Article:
Granted this issue does seem to be getting less pressing, Mass Effect 2 didn’t get any stick to my knowledge and that was probably more graphic, and Heavy Rain (yes I know I keep using this game in examples, if it’s bothering you play a drinking game or something) didn’t receive much notoriety and that’s probably more graphic still.

One more point on sex in games, I found this link today: Click. Now, surely he must have known of Rule 34’s existence, by its very nature you can find porn of anything, Sonic, Pokémon, The Land Before Time and pretty much anything that will destroy your childhood in a few simple jpegs. None of these previously had any sexual context but the internet got hold of it and suddenly Simba has a foot long. So, you make a game like Bayonetta which is pretty sexual itself, you’re pretty much doing half the work for them, and then you had the stones to complain when porn of it emerges? If you’re going to make a highly sexual character expect the character to be highly sexualised, it would be like serving someone an extremely salty meal and complaining if they get a drink afterwards.

Video games are no worse than any other form of media, TV, film, music, all influence people to some extent but people are always in control, if someone “copies” a video game it’s not at the fault of the game but at the fault of the person. Some people are naturally violent regardless of what hobbies they do or don’t have (except maybe yoga) and these people should be dealt with accordingly instead of fighting against an industry and ruining it for all the people who have self control and the little voice that tells them what’s real and what isn’t.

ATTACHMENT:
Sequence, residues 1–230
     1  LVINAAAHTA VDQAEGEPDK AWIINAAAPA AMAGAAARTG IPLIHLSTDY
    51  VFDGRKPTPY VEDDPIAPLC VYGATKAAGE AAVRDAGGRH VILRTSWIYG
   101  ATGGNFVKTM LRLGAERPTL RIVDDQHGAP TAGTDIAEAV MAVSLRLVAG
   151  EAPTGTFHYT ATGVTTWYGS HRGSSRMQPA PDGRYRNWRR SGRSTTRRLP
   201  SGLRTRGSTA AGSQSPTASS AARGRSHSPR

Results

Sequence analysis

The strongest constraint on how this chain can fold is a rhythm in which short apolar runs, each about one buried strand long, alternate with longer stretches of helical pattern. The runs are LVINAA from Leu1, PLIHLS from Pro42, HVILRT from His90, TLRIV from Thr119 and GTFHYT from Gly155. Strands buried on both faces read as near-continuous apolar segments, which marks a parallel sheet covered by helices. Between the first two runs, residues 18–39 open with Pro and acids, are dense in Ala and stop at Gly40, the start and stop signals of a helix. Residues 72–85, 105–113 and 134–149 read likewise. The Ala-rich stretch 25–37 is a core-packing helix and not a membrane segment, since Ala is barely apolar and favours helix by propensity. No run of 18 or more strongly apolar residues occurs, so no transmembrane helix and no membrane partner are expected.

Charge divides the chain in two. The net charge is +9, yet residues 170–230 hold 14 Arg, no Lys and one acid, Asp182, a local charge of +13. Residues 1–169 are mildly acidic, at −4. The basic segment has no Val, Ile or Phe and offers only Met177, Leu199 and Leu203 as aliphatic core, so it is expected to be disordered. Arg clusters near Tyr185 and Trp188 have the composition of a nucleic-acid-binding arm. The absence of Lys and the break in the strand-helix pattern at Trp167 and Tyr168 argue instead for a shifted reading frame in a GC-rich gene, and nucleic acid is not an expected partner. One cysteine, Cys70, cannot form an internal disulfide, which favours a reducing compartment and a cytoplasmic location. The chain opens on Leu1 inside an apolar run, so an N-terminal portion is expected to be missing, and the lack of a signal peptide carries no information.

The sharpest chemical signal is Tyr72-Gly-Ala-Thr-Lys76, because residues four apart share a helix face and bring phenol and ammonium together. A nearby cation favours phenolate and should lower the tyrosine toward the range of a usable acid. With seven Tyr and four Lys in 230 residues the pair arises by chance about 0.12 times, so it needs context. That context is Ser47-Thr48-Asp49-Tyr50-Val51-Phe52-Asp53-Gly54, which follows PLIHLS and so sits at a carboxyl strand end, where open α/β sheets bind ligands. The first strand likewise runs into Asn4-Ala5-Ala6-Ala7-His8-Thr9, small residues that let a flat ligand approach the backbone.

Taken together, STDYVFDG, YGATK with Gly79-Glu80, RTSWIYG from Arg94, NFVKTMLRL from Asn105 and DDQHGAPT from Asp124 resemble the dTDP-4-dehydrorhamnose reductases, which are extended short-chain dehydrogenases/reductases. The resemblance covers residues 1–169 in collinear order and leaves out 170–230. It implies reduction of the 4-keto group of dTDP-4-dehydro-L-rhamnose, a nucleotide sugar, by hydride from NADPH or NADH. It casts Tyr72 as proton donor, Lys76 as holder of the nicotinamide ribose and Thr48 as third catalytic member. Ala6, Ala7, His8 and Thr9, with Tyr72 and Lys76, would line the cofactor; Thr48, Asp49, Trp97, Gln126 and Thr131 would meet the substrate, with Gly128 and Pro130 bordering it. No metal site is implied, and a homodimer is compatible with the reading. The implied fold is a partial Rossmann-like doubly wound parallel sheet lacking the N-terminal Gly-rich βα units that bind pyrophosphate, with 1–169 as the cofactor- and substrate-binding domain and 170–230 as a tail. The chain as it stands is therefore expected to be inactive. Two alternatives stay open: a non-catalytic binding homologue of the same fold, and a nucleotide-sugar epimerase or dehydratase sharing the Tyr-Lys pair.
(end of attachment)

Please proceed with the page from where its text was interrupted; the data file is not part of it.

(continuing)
The best idea is to educate people more on game ratings, people still think that the age rating is purely based on difficulty and nothing else and then complain when they find out their 8 year old is running over pensioners in a golf cart. I saw a mother and her kid in game a few days ago, the kid wanted Forza Motorsport and the mother said “No, it’s obviously a 12 for a reason” obviously having no idea that a simple flip of the case would tell her exactly why it’s a 12. (which as it turns out is bad language, why you need to effectively cut out a large percentage of your audience by adding a few swears to a racing game of all games is beyond me). PEGI should run a few adverts on TV, tell parents about ratings and leave it all up to them instead of letting the Daily Mail handle it.

In return, for gamers, have a rating on all talk shows when video games are the topic, with little icons that mean “contains people that haven’t the faintest what they are on about” and “contains an audience with a collective amount of less than 5 brain cells” just to give us a heads up on what to expect from the next 20 minutes that way and prepare accordingly, possibly by performing a lobotomy on ourselves beforehand so we’re on the same train of thought as the people on the program.

“Before you go and criticize the younger generation, just remember who raised them.” ~ Unknown